The iconic 9/11 Tribute Museum in New York City's Greenwich Village has announced that it is shutting its stores permanently.
The 9/11 Tribute Museum in Lower Manhattan opened back in 2017 to commemorate the thousands of people who perished during the attack. Now, the 9/11 Museum is set to close its doors for good this week. The iconic monument is closing due to its inability to rebound after many pandemic hiccups.
In March, the 9/11 Museum’s founders made a statement predicting the impending closure. The September 11th Families’ Association was the group responsible for funding the project in 2017. The group stated months prior that the museum had declined in visitors, just like many other monuments and museums during the pandemic. Due to low attendance, the museum wasn’t receiving enough income to sustain its operations. Unfortunately, the pandemic losses have been too substantial to keep the monument up and running.
CEO and co-founder of the September 11th Families’ Association Jennifer Adams elaborated on the 9/11 Museum’s closure. “Financial hardship” was the main reason the monument couldn’t sustain itself. No visitors and no donations meant no extra money going back into funding the memorial. But even though the physical museum won’t be present anymore, the organization intends to keep the museum running virtually.
The 9/11 Museum will continue its presence online instead of at its Greenwich Village location. The online memorial will provide educational resources for those wanting to know more about the families who’ve been affected by the crisis. The site will also offer external resources for visitors who wish to continue funding the families in question. The 9/11 Memorial and Museum, which is different from the actual museum, will still be located at ground zero and have no plans to be scrapped in the future.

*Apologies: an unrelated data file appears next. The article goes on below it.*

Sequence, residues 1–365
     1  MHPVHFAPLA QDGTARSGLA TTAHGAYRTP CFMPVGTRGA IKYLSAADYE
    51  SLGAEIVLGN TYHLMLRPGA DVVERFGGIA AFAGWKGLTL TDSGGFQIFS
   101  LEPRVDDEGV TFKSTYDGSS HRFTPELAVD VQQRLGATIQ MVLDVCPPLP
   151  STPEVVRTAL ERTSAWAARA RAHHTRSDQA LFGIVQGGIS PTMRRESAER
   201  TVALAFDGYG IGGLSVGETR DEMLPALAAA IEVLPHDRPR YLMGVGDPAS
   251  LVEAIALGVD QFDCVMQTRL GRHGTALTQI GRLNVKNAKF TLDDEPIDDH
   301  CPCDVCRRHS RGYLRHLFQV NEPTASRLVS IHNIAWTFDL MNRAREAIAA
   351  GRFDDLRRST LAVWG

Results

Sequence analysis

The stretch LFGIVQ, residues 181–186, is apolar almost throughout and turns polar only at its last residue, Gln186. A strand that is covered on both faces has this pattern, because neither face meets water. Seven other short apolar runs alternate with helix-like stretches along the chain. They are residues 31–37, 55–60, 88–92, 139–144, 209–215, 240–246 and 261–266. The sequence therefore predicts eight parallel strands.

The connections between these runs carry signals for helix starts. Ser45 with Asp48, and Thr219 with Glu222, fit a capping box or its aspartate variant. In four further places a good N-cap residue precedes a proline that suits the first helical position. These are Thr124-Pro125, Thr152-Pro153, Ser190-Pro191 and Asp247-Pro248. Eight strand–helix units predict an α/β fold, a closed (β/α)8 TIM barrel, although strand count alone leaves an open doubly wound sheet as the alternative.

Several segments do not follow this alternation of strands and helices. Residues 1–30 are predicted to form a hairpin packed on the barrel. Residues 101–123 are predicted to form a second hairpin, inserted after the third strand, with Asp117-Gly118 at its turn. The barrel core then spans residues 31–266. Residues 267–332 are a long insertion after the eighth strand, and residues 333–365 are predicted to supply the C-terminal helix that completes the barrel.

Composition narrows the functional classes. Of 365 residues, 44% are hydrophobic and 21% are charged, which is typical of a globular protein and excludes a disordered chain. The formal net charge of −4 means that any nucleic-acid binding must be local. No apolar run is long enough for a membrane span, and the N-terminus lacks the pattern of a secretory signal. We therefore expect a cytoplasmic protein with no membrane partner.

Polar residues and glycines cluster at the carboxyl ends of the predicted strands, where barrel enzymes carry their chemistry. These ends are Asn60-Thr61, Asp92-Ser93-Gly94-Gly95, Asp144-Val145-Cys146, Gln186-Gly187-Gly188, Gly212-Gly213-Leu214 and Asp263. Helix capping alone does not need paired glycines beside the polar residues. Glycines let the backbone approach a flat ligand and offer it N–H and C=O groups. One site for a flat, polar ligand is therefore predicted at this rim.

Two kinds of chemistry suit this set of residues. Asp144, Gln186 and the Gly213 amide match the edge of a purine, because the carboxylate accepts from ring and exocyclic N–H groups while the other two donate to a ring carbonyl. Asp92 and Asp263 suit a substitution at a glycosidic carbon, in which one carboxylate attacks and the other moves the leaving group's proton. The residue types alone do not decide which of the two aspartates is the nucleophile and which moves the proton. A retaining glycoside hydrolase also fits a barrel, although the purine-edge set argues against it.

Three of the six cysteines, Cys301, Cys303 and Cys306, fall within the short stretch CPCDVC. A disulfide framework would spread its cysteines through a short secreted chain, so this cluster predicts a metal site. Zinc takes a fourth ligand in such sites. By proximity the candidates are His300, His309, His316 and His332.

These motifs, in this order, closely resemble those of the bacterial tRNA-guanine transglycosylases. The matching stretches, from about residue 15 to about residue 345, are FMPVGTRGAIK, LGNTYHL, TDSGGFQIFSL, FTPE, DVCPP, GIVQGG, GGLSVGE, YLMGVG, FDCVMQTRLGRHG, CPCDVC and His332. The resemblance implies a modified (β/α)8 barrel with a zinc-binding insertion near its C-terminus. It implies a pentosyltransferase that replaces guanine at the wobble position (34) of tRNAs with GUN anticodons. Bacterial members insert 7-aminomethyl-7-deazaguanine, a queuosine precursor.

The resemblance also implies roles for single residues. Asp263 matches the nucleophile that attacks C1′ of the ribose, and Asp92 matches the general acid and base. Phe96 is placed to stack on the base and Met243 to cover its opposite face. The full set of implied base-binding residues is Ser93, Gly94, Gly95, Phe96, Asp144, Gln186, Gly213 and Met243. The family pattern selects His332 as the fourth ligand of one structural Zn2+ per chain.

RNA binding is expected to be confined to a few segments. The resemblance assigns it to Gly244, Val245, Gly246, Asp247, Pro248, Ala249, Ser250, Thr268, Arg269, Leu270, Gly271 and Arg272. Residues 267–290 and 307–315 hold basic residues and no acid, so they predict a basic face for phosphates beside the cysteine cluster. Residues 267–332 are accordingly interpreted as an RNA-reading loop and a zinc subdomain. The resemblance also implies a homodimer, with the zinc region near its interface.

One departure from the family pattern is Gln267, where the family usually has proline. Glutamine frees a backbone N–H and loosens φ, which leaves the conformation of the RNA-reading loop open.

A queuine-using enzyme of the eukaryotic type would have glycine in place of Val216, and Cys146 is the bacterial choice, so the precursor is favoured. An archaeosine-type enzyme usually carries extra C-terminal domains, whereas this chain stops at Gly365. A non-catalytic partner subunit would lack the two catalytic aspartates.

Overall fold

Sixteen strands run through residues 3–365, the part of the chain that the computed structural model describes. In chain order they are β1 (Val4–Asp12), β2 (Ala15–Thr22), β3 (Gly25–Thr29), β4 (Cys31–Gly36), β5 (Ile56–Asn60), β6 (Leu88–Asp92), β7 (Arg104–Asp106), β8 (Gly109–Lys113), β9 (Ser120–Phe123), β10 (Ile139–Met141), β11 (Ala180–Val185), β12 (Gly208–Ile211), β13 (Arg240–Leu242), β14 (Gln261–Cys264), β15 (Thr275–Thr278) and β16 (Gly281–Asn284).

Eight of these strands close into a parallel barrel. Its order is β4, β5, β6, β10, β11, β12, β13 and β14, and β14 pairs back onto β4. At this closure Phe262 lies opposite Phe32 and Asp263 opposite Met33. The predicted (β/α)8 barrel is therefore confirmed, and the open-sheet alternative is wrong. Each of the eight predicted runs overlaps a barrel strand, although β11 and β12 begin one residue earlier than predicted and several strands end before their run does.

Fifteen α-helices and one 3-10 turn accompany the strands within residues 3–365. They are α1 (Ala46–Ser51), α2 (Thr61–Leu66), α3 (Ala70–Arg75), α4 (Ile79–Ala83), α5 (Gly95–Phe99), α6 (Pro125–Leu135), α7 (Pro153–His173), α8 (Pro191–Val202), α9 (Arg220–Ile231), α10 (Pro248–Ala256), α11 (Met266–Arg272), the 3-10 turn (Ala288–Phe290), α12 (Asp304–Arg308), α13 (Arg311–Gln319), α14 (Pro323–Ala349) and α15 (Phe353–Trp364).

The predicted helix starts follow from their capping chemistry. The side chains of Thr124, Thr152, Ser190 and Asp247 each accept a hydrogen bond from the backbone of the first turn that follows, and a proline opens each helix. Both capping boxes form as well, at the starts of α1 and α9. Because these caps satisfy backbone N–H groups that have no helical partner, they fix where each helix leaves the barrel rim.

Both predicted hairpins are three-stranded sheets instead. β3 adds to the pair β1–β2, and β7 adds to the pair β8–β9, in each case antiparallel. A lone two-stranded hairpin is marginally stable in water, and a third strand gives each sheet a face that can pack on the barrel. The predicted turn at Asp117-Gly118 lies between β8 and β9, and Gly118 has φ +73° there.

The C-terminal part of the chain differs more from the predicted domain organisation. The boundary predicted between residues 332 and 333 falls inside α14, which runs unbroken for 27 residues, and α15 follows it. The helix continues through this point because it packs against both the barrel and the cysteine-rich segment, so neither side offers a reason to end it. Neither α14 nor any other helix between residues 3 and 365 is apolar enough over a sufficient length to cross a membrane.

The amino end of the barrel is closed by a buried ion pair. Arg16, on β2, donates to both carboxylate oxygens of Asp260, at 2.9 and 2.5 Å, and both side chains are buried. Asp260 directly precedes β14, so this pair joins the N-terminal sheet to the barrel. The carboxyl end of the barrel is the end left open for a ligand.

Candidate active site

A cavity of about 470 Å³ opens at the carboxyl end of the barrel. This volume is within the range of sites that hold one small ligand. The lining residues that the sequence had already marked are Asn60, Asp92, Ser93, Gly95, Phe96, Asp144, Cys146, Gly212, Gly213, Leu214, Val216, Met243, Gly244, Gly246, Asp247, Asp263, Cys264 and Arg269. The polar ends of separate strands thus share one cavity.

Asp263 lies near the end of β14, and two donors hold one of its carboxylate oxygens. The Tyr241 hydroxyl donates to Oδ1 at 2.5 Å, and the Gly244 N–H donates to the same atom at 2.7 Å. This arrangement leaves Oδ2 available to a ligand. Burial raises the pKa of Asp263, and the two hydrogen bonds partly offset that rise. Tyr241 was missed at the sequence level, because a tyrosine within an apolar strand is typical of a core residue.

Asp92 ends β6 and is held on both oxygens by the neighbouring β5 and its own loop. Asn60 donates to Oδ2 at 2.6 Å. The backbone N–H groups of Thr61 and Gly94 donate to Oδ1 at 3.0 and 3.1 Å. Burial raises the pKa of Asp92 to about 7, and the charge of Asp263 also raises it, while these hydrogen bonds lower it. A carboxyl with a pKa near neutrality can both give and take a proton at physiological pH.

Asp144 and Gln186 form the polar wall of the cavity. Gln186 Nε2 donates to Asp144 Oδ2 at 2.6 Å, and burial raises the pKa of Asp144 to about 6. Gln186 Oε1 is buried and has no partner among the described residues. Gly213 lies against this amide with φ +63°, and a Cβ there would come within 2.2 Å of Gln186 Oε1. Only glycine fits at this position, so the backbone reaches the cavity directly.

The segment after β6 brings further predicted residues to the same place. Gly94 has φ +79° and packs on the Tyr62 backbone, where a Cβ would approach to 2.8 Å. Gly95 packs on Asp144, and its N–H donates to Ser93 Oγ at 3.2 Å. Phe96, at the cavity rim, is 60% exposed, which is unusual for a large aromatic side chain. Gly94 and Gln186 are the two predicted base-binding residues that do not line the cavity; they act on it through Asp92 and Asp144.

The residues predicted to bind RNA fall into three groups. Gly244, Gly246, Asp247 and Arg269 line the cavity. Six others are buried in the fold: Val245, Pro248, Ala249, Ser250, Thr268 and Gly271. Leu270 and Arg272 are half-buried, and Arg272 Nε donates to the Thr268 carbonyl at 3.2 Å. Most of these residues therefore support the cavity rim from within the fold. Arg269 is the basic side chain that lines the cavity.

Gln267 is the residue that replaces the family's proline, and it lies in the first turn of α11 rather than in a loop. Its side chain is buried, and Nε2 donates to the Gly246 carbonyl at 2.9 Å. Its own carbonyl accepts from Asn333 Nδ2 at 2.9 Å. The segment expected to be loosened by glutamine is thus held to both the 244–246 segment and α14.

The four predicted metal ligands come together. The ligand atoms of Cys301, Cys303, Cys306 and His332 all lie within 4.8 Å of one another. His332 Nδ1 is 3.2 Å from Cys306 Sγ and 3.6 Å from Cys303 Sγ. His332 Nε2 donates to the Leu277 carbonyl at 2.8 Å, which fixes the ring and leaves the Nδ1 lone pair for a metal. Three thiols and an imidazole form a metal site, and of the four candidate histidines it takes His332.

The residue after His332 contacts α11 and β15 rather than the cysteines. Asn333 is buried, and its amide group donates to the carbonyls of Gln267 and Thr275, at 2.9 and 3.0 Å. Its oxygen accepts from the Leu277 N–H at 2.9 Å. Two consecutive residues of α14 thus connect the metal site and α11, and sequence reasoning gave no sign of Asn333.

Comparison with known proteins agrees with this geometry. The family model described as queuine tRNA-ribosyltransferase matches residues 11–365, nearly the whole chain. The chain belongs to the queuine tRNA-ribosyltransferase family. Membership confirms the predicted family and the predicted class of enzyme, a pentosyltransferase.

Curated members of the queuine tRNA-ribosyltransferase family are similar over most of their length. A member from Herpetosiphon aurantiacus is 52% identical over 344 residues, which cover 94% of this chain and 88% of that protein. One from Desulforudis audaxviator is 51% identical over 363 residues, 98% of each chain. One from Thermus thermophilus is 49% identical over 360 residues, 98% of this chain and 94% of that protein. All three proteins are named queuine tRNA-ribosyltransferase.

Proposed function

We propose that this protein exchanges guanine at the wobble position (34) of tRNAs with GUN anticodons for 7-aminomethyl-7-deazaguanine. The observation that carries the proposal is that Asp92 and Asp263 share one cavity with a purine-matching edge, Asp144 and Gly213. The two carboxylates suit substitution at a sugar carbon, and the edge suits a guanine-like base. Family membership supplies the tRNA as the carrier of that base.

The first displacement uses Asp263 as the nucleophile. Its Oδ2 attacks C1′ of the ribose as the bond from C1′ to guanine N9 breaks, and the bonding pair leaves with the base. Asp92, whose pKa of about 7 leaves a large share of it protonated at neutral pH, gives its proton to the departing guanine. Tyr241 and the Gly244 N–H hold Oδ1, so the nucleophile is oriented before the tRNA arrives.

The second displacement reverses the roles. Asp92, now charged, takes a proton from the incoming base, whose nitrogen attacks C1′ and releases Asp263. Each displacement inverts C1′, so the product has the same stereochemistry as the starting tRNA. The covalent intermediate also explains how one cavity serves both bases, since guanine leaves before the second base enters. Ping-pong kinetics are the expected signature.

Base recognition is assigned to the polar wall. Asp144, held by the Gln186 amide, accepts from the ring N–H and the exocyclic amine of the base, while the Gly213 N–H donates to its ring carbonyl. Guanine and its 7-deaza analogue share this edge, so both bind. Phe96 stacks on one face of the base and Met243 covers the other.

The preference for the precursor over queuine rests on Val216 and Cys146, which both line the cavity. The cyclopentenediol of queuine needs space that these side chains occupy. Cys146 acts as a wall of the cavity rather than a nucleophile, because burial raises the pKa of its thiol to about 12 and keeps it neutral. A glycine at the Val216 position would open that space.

Where will the 9/11 Museum’s displays go if the Greenwich Village location closes? Fortunately, the artifacts and valuables from the museum will be transferred to the New York State Museum in Albany, the state capital. Albany is only a few hours away from the bustling city, so if you want to explore the 9/11 Museum’s contents, they’ll still be available relatively close by. The September 11th Families’ Association will work with the museum to ensure the artifacts are transferred properly and successfully.
9/11 Museum’s courses will be available on the 9/11 Tribute Museum’s website. There you can find educational resources for introducing the terror attacks to young people and how to explain and discuss the topic sensitively. The course centers explicitly on those born after 9/11 and living in a post-attack society. These individuals won’t know what life in America was like before the attack, making the course crucial for teachers and parents with young children. The online resource uses personal testimonies to outline the tragedy and humanity of the survivors and their families.
Though the 9/11 Museum won’t be physically available anymore, its resources will still be located tangibly and virtually. For those wanting to learn more about the terror attack, a visit to the 9/11 Tribute Memorial at ground zero is still available for an in-person visit. If you live outside New York, there are numerous ways to get involved virtually with the memorial and the families affected by the attack.